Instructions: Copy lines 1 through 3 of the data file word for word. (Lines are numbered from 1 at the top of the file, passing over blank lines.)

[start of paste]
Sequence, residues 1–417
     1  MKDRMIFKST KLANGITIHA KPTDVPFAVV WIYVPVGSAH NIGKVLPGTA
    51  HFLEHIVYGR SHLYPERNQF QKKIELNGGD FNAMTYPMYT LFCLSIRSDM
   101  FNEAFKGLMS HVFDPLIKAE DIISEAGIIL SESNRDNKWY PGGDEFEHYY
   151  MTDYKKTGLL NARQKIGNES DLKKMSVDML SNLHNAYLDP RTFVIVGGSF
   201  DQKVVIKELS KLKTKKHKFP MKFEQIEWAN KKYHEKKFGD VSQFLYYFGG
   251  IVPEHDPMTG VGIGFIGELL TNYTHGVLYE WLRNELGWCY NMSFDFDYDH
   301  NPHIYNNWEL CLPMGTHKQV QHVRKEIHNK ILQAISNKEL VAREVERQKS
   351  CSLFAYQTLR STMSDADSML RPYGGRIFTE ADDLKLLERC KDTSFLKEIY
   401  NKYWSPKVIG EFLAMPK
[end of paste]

Sequence, residues 1–417
     1  MKDRMIFKST KLANGITIHA KPTDVPFAVV WIYVPVGSAH NIGKVLPGTA
    51  HFLEHIVYGR SHLYPERNQF QKKIELNGGD FNAMTYPMYT LFCLSIRSDM